5 March 1906 – 16 September 1999.
We give thanks to God for a full and active life of ninety-three years. John Harold McCracken was always known as Harold. It is said that his mother had been reading a book about the Battle of Hastings. She had been impressed by King Harold! There can’t be too many J. H. McCrackens, but the Myer Emporium had more than one in its accounts, which once led Beth to raise an eye-brow and call for explanations of some debits. Harold’s father was a successful builder in Western Australia at the time of Harold’s birth. His father lived to be 96, so he gave Harold the right genes for a long life. Harold’s mother was a lady to whom her sons were devoted. So my first point is that Harold was a family man. In regular visits to the firm he founded, the last one only a few months ago, he asked about the families of his former partners and long-term members of staff. He was always interested in what was happening. I said we were losing someone. He replied: “And what are we going to do about that?” After his marriage to Beth the focus shifted from the family in which he was born to the family he was making: to Beth and their daughters, Barbara and Elspeth and Heather, and then his daughter's families.
Harold was not a proud man. He had a few endearing vanities. But he was immensely proud of his daughters and their achievements. But these were only the successive focal points of his family connections. The McCrackens were cattle rustlers expatriated from Scotland to Northern Ireland. His mother’s family of More was more directly Scottish. Through his mother’s family he had numerous Australian connections. His mother’s sister Elsie married William Henry Buxton: there were thirteen children in that family. His mother’s sister Marina married Ernest Clarke, whose sons Murray, Eric, and Noel were very close to Harold and his brothers Bill, Stuart, Gordon and Frank. Ernest Clarke was a missionary in China and as school boys Eric and Murray lived in the twenty room house in Howard Street Kew which the McCrackens acquired in Victoria. Harold’s mother’s brother James Murray More established a prosperous steel company. This had far-reaching significance for the education of the Clarke boys, and for the future employment of Bill and Stuart. Gordon McCracken was to marry Beth’s twin sister Margaret. They brought into the range of Harold’s family connections all the Whitehead clan. His range of family loyalties kept on growing and he embraced them all. He was a family man.
Harold’s early schooling was at Scotch College in Western Australia. His later schooling was at Scotch College in Victoria: he was one of the last students at Eastern Hill and one of the first at Hawthorn. He went on from there to study law at the University of Melbourne, as did Gordon too. Harold served his articles with the firm of Westley and Dale and went on to work for five years with Corr & Corr before establishing his own practice of McCracken & McCracken on 4 March 1935. Harold was a professional man. Nowadays the professions are dying: they are becoming mere businesses, with budgets and profit projections. That is not how Harold saw his calling. His skills were there to serve others. True, the labourer was worthy of his hire, but that was not the centre focus of the service. The facilities of his practice, and the time he spent each day in it, were readily diverted to serve his Christian interests. Harold gave his clients loyal service, and that loyalty was reciprocated, as his firm now serves the later generations.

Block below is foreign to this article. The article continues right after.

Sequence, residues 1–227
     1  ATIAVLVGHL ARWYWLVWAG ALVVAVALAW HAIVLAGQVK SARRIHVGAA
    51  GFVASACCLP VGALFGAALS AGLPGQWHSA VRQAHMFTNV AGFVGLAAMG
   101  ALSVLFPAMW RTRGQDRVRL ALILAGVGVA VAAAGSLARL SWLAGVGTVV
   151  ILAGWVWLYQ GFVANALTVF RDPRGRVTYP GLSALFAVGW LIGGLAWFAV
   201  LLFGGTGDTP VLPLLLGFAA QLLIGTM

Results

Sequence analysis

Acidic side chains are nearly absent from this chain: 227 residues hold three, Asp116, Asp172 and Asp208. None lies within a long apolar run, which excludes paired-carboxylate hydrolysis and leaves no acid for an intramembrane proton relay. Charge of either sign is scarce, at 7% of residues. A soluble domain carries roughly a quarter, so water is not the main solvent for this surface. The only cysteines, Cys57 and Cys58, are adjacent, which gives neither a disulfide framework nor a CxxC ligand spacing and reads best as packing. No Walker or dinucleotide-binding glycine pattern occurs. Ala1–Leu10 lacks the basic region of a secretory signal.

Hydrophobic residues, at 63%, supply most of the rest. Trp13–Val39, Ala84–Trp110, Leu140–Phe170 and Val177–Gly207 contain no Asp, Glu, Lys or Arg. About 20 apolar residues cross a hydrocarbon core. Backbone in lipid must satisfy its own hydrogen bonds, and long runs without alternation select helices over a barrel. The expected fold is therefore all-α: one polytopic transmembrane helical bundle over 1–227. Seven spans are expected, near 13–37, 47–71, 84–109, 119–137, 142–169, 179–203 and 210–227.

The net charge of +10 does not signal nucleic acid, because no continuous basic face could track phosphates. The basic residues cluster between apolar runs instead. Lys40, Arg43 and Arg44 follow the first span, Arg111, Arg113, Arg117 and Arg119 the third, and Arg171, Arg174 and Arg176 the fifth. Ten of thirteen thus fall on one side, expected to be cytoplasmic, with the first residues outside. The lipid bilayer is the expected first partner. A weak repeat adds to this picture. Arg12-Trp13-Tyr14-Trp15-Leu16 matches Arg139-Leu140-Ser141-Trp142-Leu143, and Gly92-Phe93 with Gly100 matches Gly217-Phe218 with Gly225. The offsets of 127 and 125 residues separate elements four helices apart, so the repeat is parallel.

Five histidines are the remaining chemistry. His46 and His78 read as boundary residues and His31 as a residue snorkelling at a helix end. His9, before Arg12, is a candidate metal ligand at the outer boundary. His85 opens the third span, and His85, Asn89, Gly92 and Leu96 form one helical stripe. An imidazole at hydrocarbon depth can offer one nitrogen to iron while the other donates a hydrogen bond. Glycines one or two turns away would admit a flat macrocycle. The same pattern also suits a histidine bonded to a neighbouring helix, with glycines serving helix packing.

My evidence is relevant. I joined him in 1958. We were together until he retired thirty years later at 82. It was the happiest of partnerships. We often laughed until the tears ran down our cheeks. Harold was a man to whom nothing human was alien. He accepted people as they were. True, he sought to introduce them to our Lord Jesus Christ. To that extent he would have them different. He had a certain cynical realism in his appraisal of his fellows, Christian or non-Christian. But it was acceptance too, and there was no malice in him. It is not right nowadays to speak of national characteristics, but I will say that he had the doggedness, determination, and industry of a Scot, and the Irish ability to be all things to all men. He was a man of vision and tenacity who got on well with all sorts and conditions of people. It made him a lovable man.
A turning point in his life, a decisive turning point, came at the close of his year of Articles. Harold was invited by his cousin Murray Clarke to join a camp in the Dandenongs on a property of the tea family of Griffiths. Les. Griffiths, later to die a missionary martyr in Iran, put the camp together. Daily they went from camp to the Upwey Convention. It was the precursor of the Belgrave Heights Convention. Now you need to know that Harold’s parents had met in an Assembly of Christian Brethren. There his early Christian faith was nurtured. But at the University it wilted and withered. At the Convention he was to make a fresh, decisive, adult, informed, commitment. He was to be a Christian man. This commitment was given greater substance as he sat at the feet of Canon C. H. Nash, an evangelical Anglican who had started the Melbourne Bible Institute in 1920.